CAAP sees PH planes flying to EU again
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MANILA, Philippines—After more than five years, local airlines may soon be allowed to fly again to Europe and to expand their operations in the United States after the government successfully passed a safety audit by the world’s aviation regulatory body.
Transportation Secretary Joseph Abaya on Saturday said the findings of the one-week audit by the International Civil Aviation Organization (ICAO) were “positive,” contrary to earlier reports.
“The ICAO Coordinated Validation Mission (ICVM) team was satisfied with their observations/findings on the [Civil Aviation Authority of the Philippines’s] efforts to comply with international safety standards,” Abaya said in a text message.
Passing the ICVM audit will likely pave the way for the lifting of ICAO’s “significant safety concern (SSC)” tag on the Philippines issued in 2010. Other countries cited with deficiencies in the 2010 report were Angola, Bangladesh, Cambodia, Djibouti, Kazakhstan, Guinea-Bissau, Malawi, Rwanda and Zambia.
The ICAO had cited 89 points of concern in the country’s aviation regulatory framework that jeopardized the safety of airline passengers. Among these were the registration of aviation companies and regulations covering the training of pilots and other industry personnel.
Findings sent to Canada
The ICAO audit was used by the European Union (EU) as a basis for the ban on local airlines from flying to any point in the economic bloc. The ban also meant that no Philippine carrier was allowed to even enter EU airspace.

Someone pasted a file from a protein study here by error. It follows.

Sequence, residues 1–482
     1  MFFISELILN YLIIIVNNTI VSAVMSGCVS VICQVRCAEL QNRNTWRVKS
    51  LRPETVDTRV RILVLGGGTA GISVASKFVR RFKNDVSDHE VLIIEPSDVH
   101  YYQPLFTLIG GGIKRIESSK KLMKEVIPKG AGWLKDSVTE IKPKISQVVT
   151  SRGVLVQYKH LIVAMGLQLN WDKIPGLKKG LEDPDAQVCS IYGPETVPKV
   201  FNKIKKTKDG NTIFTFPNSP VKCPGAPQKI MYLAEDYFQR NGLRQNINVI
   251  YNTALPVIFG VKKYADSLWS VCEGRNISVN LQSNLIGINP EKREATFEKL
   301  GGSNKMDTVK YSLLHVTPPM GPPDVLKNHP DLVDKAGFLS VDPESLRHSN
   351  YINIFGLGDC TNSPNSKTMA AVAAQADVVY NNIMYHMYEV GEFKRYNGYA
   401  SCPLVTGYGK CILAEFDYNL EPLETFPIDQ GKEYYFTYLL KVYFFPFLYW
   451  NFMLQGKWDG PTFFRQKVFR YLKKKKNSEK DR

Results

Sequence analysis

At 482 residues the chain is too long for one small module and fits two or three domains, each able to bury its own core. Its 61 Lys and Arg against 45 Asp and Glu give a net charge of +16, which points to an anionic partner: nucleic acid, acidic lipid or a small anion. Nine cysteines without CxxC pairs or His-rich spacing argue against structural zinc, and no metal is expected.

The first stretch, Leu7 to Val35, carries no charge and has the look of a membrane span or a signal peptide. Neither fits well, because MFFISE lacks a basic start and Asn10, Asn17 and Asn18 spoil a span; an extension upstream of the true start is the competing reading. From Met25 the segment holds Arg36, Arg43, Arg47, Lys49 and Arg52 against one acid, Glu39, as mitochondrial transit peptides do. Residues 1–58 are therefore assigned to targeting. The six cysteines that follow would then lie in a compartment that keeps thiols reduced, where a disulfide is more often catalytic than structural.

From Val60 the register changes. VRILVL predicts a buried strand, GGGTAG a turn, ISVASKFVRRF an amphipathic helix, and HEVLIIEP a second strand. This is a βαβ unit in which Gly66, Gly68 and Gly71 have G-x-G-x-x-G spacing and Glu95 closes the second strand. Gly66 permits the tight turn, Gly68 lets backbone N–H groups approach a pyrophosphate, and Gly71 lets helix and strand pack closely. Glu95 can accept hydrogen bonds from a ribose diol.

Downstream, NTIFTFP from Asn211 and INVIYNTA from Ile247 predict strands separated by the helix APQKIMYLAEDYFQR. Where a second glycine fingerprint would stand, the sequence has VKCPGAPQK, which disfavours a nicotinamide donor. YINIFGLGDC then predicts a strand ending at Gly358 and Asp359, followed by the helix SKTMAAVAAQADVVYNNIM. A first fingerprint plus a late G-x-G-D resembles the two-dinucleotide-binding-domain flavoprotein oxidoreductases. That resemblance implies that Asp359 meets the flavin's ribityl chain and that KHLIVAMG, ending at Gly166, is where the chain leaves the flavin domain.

Abaya said the ICVM’s findings would be forwarded to the ICAO’s headquarters in Canada. “They will recommend to ICAO headquarters the lifting of the significant safety concern issued on the Philippines,” Abaya said.
Abaya said the official lifting of the EU’s ban should come in two to three weeks.
In a statement, the Department of Transportation and Communications said the ICVM team focused on two “critical elements” during the audit. These were the certification of airlines in the Philippines and the registration of Philippine civil aviation aircraft.
Other areas covered were the legal, organization and licensing aspects which were “satisfactorily addressed” last October, the DOTC said.
“We are confident the ICAO will adopt/approve the recommendation,” Abaya added.
The ICVM arrived in the Philippines last week on the invitation of CAAP, headed by retired Gen. William Hotchkiss, who assumed his post in July last year.
Hotchkiss dismissed reports that the ICAO team had given CAAP “failing marks” because it had only passed one of the five major issues looked into by the audit mission.
According to Hotchkiss, the CAAP team headed by Henry Gourdji called the validation mission a “success.” The other members of the ICAO team were Amal Hewawasam, Vincent Lambotte, Christopher Dalton, Guseul Kim and Saulo Jose da Silva.
“The exit briefing conducted by the ICAO audit team was on the whole very encouraging and inspiring for the CAAP team that had been tirelessly working for the lifting of the SSC tag that had been hounding CAAP for several years,” he said.
“The team itself acknowledged during the closing of the review Friday that the present CAAP team was headed in the right direction. They were very satisfied with our efforts to comply with international safety standards,” he said.
Hotchkiss said that CAAP was “very optimistic” that the recommendations would be approved and adopted by ICAO in an official announcement in two weeks.
He said that while the ICAO had yet to come out with a final report on the audit, officials who visited the country in the past months had expressed confidence that corrective measures on the remaining concerns shall be totally addressed by CAAP.
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